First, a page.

Held at the gates of Europe: barriers to abolishing immigration detention in Turkey

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    By examining how Turkey has strategically leveraged its immigration detention practices in its relationship to the EU, this article draws scholarly attention to the neglected international dimensions of detention policy-making. While narratives of national security bolster the justification for detention of asylum seekers and other migrants, this article focuses on additional roles that Turkey calls on detention to play in its relationship with the European Union. In particular, the article discusses ‘transit migration’ as a policy discourse Turkey has strategically adopted and leveraged to its advantage when dealing with the EU. As form of ‘premature labelling’, this discourse undermines the claims of belonging that foreign nationals labelled as transit migrants have in Turkey. Thus, it provides a narrative for justifying detention expansion. This international dimension of detention policy-making must be taken into account for future discussions around how to curb or abolish the practice at the borders of Europe and elsewhere.

    Original languageEnglish
    Pages (from-to)203-223
    Number of pages21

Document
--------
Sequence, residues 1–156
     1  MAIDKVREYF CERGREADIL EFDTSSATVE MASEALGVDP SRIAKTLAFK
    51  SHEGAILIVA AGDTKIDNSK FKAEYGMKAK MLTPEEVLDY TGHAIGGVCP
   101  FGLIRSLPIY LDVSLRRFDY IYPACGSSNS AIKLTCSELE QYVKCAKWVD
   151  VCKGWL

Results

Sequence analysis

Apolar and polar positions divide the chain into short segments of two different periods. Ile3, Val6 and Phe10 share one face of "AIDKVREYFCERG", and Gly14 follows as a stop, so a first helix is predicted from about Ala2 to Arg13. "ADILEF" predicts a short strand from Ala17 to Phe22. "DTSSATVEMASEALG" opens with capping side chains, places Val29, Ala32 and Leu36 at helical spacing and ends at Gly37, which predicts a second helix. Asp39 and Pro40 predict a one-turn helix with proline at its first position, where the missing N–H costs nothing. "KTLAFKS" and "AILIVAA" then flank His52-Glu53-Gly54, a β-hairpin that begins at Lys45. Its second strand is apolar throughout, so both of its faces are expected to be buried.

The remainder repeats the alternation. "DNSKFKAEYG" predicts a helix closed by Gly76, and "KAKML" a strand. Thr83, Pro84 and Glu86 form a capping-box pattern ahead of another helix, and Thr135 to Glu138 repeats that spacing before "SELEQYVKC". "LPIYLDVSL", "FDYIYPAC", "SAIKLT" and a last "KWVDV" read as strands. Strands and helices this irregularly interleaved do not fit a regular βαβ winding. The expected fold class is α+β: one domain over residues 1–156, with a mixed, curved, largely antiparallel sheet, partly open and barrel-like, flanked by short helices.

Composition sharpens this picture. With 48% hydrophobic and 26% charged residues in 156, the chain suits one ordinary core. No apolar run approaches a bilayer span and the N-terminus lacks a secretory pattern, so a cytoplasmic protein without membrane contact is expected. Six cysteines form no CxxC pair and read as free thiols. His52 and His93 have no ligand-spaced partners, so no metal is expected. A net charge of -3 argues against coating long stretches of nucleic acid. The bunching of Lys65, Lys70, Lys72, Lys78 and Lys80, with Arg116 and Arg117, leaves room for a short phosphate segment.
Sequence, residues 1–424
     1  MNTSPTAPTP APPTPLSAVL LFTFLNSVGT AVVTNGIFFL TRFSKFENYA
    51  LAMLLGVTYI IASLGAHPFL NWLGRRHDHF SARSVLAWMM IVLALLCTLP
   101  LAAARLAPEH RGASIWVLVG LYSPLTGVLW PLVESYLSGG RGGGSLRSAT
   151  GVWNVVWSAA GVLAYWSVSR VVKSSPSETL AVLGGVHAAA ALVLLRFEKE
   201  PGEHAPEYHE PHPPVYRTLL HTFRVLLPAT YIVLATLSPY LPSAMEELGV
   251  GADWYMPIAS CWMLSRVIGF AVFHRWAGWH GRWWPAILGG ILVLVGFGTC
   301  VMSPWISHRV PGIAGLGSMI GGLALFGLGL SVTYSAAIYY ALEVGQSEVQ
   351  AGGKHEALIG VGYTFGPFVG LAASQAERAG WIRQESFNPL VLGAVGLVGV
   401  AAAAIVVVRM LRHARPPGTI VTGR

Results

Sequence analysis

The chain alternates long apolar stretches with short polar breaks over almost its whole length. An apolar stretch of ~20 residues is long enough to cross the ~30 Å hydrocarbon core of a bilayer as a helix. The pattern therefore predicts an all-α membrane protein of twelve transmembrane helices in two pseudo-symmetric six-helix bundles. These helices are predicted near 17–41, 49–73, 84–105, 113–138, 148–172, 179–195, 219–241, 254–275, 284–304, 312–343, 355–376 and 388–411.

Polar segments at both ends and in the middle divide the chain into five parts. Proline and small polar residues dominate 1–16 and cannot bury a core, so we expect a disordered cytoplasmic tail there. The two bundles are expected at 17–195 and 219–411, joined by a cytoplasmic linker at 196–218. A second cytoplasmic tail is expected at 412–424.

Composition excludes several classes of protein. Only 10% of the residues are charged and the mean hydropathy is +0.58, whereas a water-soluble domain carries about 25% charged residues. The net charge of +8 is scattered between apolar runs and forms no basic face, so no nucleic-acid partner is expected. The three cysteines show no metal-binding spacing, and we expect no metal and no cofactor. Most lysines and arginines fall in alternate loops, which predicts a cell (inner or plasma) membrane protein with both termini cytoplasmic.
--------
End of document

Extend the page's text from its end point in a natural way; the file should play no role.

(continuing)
JournalCitizenship Studies
    Issue number2
    Early online date22 Dec 2020
    Publication statusPublished - 2021

    Bibliographical note

    This is an Accepted Manuscript of an article published by Taylor & Francis in Citizenship Studies on 22/06/2020, available online: http://www.tandfonline.com/10.1080/13621025.2020.1859192

    Copyright © and Moral Rights are retained by the author(s) and/ or other copyright owners. A copy can be downloaded for personal non-commercial research or study, without prior permission or charge. This item cannot be reproduced or quoted extensively from without first obtaining permission in writing from the copyright holder(s). The content must not be changed in any way or sold commercially in any format or medium without the formal permission of the copyright holders.


    • Detention
    • EU-Turkey relations
    • transit migration
    • Turkey

    ASJC Scopus subject areas

    • Geography, Planning and Development
    • Political Science and International Relations


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